Check out The Art Machine

What happens when two art teachers connect their classrooms via technology and combine their teaching, curriculum, and resources in an innovative way? Two Utah middle school art teachers have created one possible answer: The Art Machine.

The Art Machine is a collaborative effort between Christian Fasy and Brad Asay, two Ogden, Utah middle-school art teachers who decided to team teach their classes in two different school locations using video conferencing software like iChat and Skype. It’s not just the use of technology that makes The Art Machine unique. Fasy and Asay have also developed an art curriculum that focuses on creativity and imagination, allowing their students to make choices about what they want to draw, paint, and create. In describing The Art Machine, Fasy and Asay write:

The Art Machine has three general components:

1. Idea Generation
An important element of art education is freedom of choice. Students need to have the opportunity to create art from subjects that interest them. As part of The Art Machine, students are given idea prompts at the first of the class period three days a week. These prompts allow students to focus on important aspects, themes, or decisions that become very personal to them. They record their thoughts and ideas in personal sketchbooks, notebooks, or journals. Students use the ideas they store in these “Idea Machines” as subjects for their artwork.

Once a week usually on Fridays, students are shown a short video that focuses on art and creativity from around the world. This exposure to the creative process and different forms of art inspires students and shows them the artistic variety that is found in the world.

2. Collaboration
The Art Machine allows teachers to combine their curriculum and to team-teach. Using Video Conferencing software such as iChat, Skype, or any other program for such a task, teachers can literally team teach from their individual classrooms. Our website www.theartmachineonline.org allows students to display their work and to critique and make comments about each other’s work. We are currently working on allowing students to interact with each other using video conferencing, podcasts, etc.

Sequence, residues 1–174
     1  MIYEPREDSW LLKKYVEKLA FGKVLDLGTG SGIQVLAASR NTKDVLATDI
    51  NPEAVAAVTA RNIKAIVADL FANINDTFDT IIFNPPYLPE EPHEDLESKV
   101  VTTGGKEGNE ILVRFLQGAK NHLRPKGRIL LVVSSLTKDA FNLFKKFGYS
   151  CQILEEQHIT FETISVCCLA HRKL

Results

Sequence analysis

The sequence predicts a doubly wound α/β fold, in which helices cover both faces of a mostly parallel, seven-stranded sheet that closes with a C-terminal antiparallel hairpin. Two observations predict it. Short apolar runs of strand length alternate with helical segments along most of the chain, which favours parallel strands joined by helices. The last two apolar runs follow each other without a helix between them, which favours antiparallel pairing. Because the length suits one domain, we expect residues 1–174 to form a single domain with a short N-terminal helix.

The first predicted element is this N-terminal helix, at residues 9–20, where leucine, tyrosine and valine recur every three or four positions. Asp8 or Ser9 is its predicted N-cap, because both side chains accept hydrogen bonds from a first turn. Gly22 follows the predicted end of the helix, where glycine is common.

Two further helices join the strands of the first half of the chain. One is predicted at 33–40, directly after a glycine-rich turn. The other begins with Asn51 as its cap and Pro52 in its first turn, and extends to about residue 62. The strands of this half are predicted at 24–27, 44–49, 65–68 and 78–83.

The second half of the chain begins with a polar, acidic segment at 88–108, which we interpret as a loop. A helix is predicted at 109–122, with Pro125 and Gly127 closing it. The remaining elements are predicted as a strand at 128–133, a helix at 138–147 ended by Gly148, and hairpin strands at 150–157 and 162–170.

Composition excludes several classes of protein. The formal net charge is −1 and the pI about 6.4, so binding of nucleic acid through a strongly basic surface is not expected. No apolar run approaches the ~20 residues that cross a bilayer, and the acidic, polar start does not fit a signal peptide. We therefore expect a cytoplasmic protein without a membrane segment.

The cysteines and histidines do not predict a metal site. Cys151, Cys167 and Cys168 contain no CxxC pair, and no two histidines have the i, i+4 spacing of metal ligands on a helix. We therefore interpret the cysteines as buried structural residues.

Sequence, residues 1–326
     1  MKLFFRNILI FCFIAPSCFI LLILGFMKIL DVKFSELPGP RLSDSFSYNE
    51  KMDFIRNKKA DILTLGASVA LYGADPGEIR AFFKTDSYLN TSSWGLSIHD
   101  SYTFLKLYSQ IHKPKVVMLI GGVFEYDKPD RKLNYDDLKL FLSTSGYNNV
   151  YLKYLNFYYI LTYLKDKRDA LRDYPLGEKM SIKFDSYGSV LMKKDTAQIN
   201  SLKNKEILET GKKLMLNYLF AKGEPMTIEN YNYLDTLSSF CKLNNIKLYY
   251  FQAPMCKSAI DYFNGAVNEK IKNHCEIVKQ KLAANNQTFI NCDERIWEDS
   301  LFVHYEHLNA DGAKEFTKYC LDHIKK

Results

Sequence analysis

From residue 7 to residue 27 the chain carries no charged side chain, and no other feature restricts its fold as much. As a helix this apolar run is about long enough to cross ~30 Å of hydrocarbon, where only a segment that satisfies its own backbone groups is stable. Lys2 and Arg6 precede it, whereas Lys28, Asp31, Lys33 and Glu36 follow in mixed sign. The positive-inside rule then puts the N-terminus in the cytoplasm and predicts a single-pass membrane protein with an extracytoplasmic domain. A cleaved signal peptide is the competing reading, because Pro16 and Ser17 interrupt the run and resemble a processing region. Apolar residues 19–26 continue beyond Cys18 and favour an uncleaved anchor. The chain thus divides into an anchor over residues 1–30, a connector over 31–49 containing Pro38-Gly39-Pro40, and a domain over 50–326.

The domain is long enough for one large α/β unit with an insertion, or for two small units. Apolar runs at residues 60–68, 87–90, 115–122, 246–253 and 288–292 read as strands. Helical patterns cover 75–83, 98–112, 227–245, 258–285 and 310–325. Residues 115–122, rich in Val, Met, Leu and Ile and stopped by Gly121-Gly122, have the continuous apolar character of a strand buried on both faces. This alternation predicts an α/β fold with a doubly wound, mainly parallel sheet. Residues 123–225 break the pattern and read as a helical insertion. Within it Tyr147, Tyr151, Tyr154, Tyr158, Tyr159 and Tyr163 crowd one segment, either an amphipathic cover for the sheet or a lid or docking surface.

3. The Assignments and Curriculum
The heart of our curriculum centers around teaching students the importance of creativity and imagination. We focus on allowing students to have choices of what they want to draw, paint, and create. We carefully scaffold our units so that each assignment builds on each other. Brainstorming, the importance of doodling, the elements and principles of art, and incorporating their ideas from sketchbooks and journals are used throughout each unit. Each trimester, we focus on a different culture and incorporate the art and history of that culture into the assignments.

This is a very general overview of the Art Machine. Of course it is still evolving as all good curriculum should. We are very open to ideas and suggestions. Our hope is to continue to learn from others and especially our students. The Art Machine’s strength comes from the ability of students to discover their own ideas and identity as artists. Rubrics are set up to give students confidence and success with making art. It has made a great difference in the way we teach and the way students learn. If you would like any additional information, please feel free to contact us.

The Art Machine has garnered a lot of public attention for it’s innovative approach to art teaching. Fasy and Asay have been interviewed on Kids talk Radio and presented at their state art education conference. During a time when many schools are eliminating or curtailing art in their curriculum, it’s a pleasure to hear about a school art program that is actually thriving.

For more information, contact Brady Asay and Christian Fasy at theartmachine@me.com.